Identification of RNAs in Carrier Protein and Exosomes Compared to RNA Found in the Whole Sample
Research Grant, 2013
Objective/Rationale: † † † † †
Isolation of RNA biomarkers from biofluids is a new promising approach to monitor health and disease. RNAs exist in different fractions of cell-free biofluids. Some are found in extracellular vesicles and others are in protein complexes. Whole sample RNA, RNA from extracellular microvesicles (exosomes) and RNA bound to the RNA-carrier protein AGO2 have never been directly compared with one another from the same patient sample. We hope to examine the RNAs associated with each of these RNA fractions to determine which one may reliably hold the RNAs of greatest relevance to PD pathology.
Project Description: † † † † † ††
We will collect plasma and cerebrospinal fluid (CSF) to evaluate the biomarker potential in different fractions of the samples. We will use specific isolation methods to capture all of the RNA within a sample and within exosomes, and those bound to the protein AGO2. We will evaluate the full micro RNA and RNA content of each of the isolated fractions using next generation sequencing. Once the most promising methods have been established based on quality, yield, reproducibility and interesting markers, we will expand the study to examine that RNA fraction in both plasma and CSF from 30 patients with PD and 30 normal controls.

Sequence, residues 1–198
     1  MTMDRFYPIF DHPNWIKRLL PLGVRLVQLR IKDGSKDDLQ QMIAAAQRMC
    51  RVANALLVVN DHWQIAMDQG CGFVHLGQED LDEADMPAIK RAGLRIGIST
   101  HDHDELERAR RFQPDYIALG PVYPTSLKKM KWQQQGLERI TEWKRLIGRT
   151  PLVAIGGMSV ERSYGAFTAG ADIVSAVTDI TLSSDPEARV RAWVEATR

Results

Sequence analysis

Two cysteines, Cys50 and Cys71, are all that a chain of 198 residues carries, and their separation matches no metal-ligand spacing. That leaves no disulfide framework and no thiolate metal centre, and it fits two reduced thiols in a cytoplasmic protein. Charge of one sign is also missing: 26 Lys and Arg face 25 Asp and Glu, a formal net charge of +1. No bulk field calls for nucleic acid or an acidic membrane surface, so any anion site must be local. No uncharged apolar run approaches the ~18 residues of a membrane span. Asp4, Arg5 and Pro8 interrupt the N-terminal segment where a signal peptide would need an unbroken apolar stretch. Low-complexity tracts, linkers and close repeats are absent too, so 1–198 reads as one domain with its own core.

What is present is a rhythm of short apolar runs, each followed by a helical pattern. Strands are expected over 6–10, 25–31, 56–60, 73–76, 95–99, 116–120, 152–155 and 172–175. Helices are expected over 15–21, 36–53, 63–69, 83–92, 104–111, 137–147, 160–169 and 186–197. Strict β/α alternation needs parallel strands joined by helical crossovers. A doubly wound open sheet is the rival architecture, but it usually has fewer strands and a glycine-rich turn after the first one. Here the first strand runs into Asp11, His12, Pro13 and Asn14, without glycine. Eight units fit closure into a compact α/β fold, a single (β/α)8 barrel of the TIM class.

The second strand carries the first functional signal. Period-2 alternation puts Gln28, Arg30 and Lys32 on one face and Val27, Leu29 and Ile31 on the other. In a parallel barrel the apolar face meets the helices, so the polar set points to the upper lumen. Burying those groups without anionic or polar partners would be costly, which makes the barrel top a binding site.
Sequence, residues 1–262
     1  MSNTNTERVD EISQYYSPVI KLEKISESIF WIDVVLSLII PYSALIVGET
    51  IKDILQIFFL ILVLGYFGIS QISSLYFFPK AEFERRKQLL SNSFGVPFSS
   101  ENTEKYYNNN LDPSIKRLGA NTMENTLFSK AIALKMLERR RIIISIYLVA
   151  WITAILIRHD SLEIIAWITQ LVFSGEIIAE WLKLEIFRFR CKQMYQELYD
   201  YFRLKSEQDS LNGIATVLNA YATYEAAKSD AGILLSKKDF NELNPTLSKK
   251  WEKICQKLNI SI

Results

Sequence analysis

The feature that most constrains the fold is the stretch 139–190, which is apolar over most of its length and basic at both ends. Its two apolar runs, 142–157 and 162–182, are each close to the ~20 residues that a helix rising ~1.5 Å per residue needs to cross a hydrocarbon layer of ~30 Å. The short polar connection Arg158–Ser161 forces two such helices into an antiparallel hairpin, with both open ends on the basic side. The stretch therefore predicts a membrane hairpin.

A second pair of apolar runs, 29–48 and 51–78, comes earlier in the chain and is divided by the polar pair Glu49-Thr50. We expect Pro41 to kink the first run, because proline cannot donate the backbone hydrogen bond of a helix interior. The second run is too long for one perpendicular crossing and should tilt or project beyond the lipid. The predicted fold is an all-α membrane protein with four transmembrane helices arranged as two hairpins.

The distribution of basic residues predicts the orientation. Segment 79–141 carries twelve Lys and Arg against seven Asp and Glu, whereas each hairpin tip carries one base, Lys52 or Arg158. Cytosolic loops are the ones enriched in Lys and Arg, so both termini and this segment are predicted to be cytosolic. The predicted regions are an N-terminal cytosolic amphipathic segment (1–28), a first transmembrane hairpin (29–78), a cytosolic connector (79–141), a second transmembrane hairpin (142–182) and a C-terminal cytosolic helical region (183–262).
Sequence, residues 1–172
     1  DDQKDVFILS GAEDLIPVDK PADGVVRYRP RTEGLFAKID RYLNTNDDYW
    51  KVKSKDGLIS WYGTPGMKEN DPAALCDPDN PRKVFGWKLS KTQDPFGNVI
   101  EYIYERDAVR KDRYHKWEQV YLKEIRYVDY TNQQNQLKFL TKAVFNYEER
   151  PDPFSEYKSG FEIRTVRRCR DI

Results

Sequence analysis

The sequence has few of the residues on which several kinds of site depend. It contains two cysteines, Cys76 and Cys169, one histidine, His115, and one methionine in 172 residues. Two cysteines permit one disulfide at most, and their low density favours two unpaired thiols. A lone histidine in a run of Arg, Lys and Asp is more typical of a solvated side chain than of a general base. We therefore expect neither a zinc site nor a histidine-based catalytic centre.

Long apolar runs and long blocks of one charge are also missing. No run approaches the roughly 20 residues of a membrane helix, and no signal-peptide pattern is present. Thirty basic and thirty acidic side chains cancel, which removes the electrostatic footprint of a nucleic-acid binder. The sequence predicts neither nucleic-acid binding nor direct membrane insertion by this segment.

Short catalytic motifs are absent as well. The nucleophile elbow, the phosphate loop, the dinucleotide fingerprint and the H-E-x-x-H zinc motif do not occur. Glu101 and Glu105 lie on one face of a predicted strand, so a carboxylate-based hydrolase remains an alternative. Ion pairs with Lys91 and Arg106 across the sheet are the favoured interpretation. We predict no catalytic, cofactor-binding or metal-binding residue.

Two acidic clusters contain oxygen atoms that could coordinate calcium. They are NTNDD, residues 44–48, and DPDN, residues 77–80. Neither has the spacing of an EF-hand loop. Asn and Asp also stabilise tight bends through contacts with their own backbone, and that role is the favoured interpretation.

Relevance to Diagnosis/Treatment of Parkinsonís Disease: † † † † † † † † † ††
Identification of biomarkers is an important task for early diagnosis, as well as evaluation of potential new treatments for Parkinsonís disease (PD). In order to make discovery of RNA-based biomarkers more reliable and consistent, examination of different RNA fractions is warranted. Information regarding population-specific RNA signals will allow further characterization of RNA markers of PD.
Anticipated Outcome: † † † † †
Information on population-specific RNA signals would help reduce the variability of biofluid RNA samples and potentially provide us with a more reliable signal to monitor the disease. This could hopefully help in diagnosis as well as speed up evaluation of new therapeutics for the disease.
Associate Professor at The Translational Genomics Research Institute
Location: Phoenix, Arizona, United States
Chief Scientific Officer at Exosome Diagnostics
Location: New York, New York, United States